- Solid Biosciences will merge with AavantiBio and combine management with the startup in a strategic shakeup for a company that has spent years developing a gene therapy for Duchenne muscular dystrophy.
- Solid’s shareholders will own about 85% of the combined company under the deal announced Friday, with AavantiBio’s shareholders holding the rest. The company will retain Solid’s name but be led by AavantiBio CEO Alexander “Bo” Cumbo, a longtime Sarepta Therapeutics executive. It will develop gene therapies for Duchenne as well as other neuromuscular and heart diseases.
- Solid also will pause development of its lead program in favor of a newer Duchenne gene therapy the company believes may be more effective. It has raised $75 million in a private stock offering alongside the deal to finance the new strategy, which will give the combined company enough cash to survive until 2025.
The deal represents a retreat for Solid, which has seen its share price collapse after a series of setbacks in its development of a Duchenne gene therapy. It’s also the end of a journey that Ilan Ganot, a former J.P. Morgan banker, began nearly a decade ago to develop a treatment for his son’s disease.
Ganot formed Solid after his young son Eytani was diagnosed with Duchenne, a progressive muscle-wasting disorder. The company aimed to develop a variety of Duchenne treatments, including a “soft exo suit” that patients could wear to offset their weakened muscles. But gene therapy became Solid’s focus and the company raised almost $150 million privately and another $125 million in an initial public offering to bring it forward.
Still, problems had emerged even before Solid debuted at $18 per share in January 2018 and the company has lost nearly all of its market value since. Its gene therapy was one of three similar programs, along with Duchenne treatments from Sarepta and Pfizer, that progressed through clinical testing. Sarepta’s and Pfizer’s have advanced into late-stage tests that began this year and Sarepta officially filed an application for accelerated approval on Thursday.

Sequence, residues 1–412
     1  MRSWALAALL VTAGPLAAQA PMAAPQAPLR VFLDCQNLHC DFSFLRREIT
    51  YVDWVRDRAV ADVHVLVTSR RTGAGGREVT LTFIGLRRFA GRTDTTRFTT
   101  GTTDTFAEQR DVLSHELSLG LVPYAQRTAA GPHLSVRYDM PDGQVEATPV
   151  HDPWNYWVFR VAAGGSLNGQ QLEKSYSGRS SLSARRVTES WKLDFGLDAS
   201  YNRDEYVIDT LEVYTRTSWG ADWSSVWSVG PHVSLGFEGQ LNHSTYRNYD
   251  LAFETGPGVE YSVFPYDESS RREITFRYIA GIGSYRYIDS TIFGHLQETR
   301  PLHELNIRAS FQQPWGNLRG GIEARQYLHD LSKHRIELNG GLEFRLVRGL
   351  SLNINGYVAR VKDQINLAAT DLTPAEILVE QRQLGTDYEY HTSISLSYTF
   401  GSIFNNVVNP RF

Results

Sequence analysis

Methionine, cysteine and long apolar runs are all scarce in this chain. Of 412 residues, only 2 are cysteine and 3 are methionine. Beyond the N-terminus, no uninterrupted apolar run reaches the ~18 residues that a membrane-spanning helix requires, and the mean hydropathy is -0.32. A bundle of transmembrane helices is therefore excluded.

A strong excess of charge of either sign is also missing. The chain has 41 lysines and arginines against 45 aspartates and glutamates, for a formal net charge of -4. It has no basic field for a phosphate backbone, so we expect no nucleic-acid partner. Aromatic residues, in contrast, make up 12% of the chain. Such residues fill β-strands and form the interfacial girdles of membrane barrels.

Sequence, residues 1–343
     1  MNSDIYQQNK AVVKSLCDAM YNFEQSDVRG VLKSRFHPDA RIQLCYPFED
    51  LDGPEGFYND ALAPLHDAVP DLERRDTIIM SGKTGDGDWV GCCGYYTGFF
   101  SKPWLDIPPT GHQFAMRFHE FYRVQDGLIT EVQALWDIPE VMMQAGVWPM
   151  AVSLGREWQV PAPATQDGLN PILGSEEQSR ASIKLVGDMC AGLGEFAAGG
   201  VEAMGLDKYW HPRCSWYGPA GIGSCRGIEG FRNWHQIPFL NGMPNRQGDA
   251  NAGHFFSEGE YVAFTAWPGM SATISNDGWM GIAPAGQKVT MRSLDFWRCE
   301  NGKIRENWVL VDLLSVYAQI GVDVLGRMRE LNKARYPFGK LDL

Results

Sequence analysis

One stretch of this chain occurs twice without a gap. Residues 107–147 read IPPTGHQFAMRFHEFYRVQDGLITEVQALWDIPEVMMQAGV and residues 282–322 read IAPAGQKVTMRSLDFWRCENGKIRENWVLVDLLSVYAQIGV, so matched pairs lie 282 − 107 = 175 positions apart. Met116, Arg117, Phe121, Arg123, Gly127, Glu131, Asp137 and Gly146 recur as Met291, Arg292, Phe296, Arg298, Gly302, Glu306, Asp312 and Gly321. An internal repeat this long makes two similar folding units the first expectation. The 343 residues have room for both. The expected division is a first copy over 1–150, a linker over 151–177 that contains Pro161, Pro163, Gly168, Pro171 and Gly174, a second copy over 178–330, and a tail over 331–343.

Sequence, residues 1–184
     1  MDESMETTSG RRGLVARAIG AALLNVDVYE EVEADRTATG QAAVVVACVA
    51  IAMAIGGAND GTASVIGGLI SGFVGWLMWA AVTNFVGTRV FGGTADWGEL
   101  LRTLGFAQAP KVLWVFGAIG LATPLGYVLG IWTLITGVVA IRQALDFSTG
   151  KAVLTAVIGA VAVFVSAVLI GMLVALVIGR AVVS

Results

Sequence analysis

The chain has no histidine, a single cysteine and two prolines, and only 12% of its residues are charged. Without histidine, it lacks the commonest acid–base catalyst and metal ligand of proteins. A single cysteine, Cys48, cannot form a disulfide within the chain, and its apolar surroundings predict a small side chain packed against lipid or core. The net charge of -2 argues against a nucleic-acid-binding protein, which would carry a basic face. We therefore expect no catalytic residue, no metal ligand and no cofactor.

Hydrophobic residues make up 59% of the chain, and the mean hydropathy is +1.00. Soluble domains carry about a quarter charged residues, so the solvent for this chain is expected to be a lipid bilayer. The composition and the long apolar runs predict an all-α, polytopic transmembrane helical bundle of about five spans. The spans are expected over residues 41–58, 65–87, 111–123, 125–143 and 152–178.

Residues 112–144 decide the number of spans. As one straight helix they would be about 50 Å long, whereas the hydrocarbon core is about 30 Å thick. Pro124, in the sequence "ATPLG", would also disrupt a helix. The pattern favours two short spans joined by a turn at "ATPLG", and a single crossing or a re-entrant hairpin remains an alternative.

Meanwhile, Solid’s program stalled multiple times because of safety concerns. It remains in early testing and the company has restructured twice. Ganot, on a conference call on Friday, conceded the company’s “single disease with a single asset” focus left it vulnerable to the ups and downs of the market.
Recently, Solid began investing in a successor therapy it believes could be more potent. That treatment, dubbed SGT-003, will become the lead program of the newly combined company. Citing recent discussions with the Food and Drug Administration, Solid executives said on Friday that the testing timelines for the two therapies were closer than previously anticipated. The feedback led the company to prioritize SGT-003, which won’t enter human testing until late next year.
“[Sarepta] won, they’ve made great progress over the last couple of years,” Cumbo said on Friday of the company’s decision to change direction. “They’ve laid out a very clear path and we should try to follow it. We'll move with lightning speed to try to get there.”
Sarepta’s fingerprints are on Solid’s new strategy, too. The biotech helped launch AavantiBio with $107 million in funding in 2020 and Cumbo, Sarepta’s chief commercial officer for eight years, left the company to run it. AavantiBio has been developing treatments for Friedreich’s ataxia and a genetic heart condition known as BAG3-associated dilated cardiomyopathy. The latter condition was the focus of a gene therapy buyout last week by Rocket Pharmaceuticals.
Both programs are in preclinical testing. Solid expects to ask the FDA in 2024 to start a human trial in Friedreich’s ataxia.